How to Release Pressure

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There are three methods for releasing the pressure in your cooker. Recipes will indicate which release method to use at the end of the cooking process.

Cold Water Release Method


Fastest method, used to immediately stop the cooking process by lowering the heat AND the temperature.

If an immediate release of pressure AND temperature is desired, the pot is carried to the sink and cold water run over the lid (but not the valve). Always position the cooker in the sink so that it is tilted at a slight angle. Let the cold stream of water run over top of the lid, but not directly over the vent pipe or valve, letting it rundown the side of the cooker to cool it quickly. If your faucet is too short to allow water to run over the top of the cooker use the sprayer attachment if available, otherwise partially filled with sink with cold water before setting the cooker in it.

This method is mainly used for food with very short cooking times, or where it is essential to stop the cooking process as fast as possible. Use this method for serving fresh, tender-crisp vegetables, or delicate seafoods. Owners of electric pressure cookers do not have the cold water option, and that limits some of the foods and recipes they can cook.

Owners of the old style, first generation cookers must use this method to add ingredients or check for doneness, but it will take longer for the cooled pot to come back to pressure. This may result in certain foods being over cooked.

  1. When using the cold water release method there are a couple of things to keep in mind. The first is safety - carrying any large pot full hot food can be dangerous because it is heavy and hot. All pressure cookers should have two handles for easy lifting and carrying, but it yours doesn't, use an oven mitt for extra support when transporting the pressure cooker to the sink. Always look to see that you have a clear path with nothing on the floor that might trip you, and make sure no children or pets are underfoot. People of small stature, or those with physical limitations, may find it easier to slide the pressure cooker along the countertop from the stove to the sink.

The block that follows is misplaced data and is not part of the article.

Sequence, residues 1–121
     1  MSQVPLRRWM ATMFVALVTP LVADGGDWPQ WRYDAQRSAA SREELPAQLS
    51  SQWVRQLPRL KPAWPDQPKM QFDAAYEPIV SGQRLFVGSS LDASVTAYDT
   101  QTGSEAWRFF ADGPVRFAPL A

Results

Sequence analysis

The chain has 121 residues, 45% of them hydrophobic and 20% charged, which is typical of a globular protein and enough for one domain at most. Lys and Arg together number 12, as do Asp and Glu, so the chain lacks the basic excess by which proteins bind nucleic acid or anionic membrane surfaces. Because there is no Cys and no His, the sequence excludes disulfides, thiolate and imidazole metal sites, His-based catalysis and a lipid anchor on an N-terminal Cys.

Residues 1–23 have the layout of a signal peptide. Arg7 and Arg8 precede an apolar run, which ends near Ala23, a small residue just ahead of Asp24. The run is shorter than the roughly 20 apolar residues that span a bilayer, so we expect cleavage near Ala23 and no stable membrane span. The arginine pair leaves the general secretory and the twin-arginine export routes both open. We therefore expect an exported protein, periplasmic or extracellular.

2. NEVER run water directly over the pressure release vent or valve when using the cold water release method. Direct the water to the outer edge of the lid so that it runs down the side of the pot. A variation on this method is to fill the sink with several inches of cold water and then sit the pressure cooker in the cold water bath.

When the pressure cooker is removed from heat the air molecules inside the pot begin to cool and contract, and if the vent opening is blocked by the stream of water, then no air molecules can get inside to replace the volume. The air inside the cooker rapidly contracts as it cools so there is less air pressure inside the pot than outside. This creates a very powerful vacuum that can actually cause the lid (or the weakest area of the metal) to collapse as the vacuum sucks it down inside the pot. I know from experience that this can happen. I inadvertently allowed water to run straight over the pressure regulator on a stainless steel cooker, and then I heard a loud "POP". When I looked at the cooker the lid was actually concave, with a dished in depression of about 1 inch in its center.